Next time we go kayaking, we’re going to just rent them and go out on our own, but it was nice to have a tour guide this time around. She pointed out the egrets, great blue herons, black skimmers (awesome birds – their lower beaks are longer than their upper ones and they fly along “skimming” the water with their lower beaks), turns, sea snots (like jellyfish, but just the jelly, not the fish part) and the places where stingrays live (unfortunately did not see any and fortunately did not step on any). During our lunch stop we even got a lesson in watercolours and had a chance to paint the scenery to help us remember the adventure. My painting looks like it got wet and was ruined on the trip back, but alas, it did not. It was just poorly done.

After the kayaking, we headed across the island to the Gulf side for a little bit of swimming and ended up playing in the surf for a good 3 hours. By the time we headed into Historic Downtown Galveston for some lovely Mediterranean food, we were sunburned, exhausted and quite salty. It was quite the day, and we are already making plans for our next kayaking trip.

“Home” in the title refers to Canada. Generic Canada, not really any particular place. We’ve found a spot here in Houston where we can get a little taste of Canada: the Maple Leaf Pub. Located in Midtown, the Maple Leaf is a fun little bar with a small selection of Canadian beers. I hear it gets quite busy when a hockey game is on (especially Houston Aeros or NHL playoffs) but we went on an off night and it stayed busy, it was never over crowded. I loved the atmosphere; there were people playing board games, there was a table hockey game in one corner, a map of Canada on the wall and jerseys and flags for Canadian sports teams (including quite a few for my favourite, the Leafs!) all over the room. You could also get a good selection of Canadian beer (unfortunately not my favourite, Dead Elephant Ale from Railway City Brewing Company) including a beer from Quebec that tasted like potpourri. Seriously. It was quite florally delicious.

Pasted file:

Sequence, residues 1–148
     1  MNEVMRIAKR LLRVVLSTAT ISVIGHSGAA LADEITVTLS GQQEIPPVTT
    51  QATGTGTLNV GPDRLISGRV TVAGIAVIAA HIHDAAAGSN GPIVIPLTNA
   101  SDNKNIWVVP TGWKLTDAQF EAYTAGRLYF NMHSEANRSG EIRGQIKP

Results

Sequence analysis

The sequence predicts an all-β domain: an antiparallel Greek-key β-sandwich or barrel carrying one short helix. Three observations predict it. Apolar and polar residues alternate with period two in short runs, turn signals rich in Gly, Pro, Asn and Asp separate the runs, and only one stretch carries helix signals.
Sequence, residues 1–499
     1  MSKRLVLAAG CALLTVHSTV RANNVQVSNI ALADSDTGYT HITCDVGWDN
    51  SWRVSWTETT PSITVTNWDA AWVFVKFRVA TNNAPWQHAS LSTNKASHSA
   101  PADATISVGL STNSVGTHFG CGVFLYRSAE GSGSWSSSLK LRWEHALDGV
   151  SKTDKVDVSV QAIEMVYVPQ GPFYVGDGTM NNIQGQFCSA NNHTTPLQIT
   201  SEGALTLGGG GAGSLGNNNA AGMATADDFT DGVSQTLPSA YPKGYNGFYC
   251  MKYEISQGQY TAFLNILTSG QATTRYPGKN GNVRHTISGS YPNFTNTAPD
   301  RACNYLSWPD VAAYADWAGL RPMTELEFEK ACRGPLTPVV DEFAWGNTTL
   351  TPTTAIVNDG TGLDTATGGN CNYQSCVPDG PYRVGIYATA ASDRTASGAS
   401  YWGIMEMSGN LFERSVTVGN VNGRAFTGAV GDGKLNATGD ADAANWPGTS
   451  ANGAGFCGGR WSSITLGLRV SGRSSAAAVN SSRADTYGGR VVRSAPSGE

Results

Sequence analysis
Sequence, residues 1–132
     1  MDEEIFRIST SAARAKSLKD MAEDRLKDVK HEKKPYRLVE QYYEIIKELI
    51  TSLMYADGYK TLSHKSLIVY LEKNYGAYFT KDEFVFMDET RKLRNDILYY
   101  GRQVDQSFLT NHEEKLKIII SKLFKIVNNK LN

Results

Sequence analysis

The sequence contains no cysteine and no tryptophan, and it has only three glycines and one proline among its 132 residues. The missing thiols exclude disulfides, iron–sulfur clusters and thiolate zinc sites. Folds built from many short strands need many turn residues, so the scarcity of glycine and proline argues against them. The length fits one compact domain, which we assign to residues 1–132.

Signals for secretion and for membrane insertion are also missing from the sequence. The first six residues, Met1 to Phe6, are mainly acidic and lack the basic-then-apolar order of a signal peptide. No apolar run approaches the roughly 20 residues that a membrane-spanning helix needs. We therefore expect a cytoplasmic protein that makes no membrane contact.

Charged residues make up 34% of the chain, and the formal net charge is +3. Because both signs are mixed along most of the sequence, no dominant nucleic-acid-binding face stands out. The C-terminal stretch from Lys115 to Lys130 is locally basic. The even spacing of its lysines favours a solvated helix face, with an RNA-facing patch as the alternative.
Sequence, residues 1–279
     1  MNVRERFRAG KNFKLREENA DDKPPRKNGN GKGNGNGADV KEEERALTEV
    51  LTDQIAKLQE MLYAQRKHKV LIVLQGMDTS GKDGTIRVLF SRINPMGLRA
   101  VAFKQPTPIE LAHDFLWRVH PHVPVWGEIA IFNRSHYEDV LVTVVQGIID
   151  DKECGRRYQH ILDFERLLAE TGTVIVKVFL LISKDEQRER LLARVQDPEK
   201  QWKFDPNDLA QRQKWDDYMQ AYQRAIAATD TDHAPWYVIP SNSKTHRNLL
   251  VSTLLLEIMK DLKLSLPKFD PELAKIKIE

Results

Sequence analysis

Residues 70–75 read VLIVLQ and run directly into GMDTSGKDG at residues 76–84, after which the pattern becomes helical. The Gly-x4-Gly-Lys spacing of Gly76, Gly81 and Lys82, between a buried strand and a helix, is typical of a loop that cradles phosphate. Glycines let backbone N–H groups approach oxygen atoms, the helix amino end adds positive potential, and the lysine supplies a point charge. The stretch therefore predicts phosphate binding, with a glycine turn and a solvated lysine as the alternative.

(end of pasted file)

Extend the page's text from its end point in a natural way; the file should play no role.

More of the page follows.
Wednesday, May 19, 2010

Things I should have blogged about sooner…

Some of you might recall hearing about a series of immigration rallies that took place across the US on May Day (May 1st). The rallies were in part to call on the federal government to enact comprehensive immigration reform and in part to protest Arizona’s new anti-immigrant law (SB 1070). I could probably rant for several entire posts about that racist piece of work, but I’ll restrain. If you haven’t heard of it, basically it attempts to legalize racial profiling by allowing cops to pull people over for “looking illegal”. So, as an immigrant, along with other prominent immigrants to the US including Steve Nash (of Los Spurs) and Arnold Schwarzenegger (“I was also going to give a graduation speech in Arizona this weekend. But with my accent, I was afraid they would try to deport me,”{please read that quote with a Terminator accent}) I felt I needed to do something to in protest. Hence the immigration rally.